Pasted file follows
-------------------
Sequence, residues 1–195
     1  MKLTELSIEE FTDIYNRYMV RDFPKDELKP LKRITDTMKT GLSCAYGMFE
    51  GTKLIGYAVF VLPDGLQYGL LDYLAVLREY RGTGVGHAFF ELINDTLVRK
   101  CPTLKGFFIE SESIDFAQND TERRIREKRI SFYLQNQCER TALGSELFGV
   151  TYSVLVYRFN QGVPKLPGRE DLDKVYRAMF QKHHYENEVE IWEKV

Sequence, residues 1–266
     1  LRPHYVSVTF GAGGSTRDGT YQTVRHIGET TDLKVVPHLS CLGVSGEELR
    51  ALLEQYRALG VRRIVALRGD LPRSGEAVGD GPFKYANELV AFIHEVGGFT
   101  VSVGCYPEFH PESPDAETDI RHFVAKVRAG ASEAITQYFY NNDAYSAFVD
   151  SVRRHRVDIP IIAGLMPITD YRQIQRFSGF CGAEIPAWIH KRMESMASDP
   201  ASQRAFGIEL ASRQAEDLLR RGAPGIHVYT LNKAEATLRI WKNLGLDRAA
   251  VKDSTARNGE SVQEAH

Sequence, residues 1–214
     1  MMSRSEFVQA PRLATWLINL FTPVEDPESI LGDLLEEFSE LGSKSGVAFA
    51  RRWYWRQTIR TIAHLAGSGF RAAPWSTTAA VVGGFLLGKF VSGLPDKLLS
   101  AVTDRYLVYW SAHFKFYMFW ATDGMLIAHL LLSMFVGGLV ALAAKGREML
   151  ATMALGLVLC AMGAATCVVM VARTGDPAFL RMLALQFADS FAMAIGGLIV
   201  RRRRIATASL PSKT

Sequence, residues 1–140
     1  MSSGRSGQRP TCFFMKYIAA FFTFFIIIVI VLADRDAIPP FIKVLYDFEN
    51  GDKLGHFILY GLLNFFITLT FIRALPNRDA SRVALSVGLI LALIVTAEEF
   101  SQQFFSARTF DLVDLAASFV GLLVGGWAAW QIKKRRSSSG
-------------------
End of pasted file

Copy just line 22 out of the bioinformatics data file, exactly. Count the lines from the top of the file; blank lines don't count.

   101  SQQFFSARTF DLVDLAASFV GLLVGGWAAW QIKKRRSSSG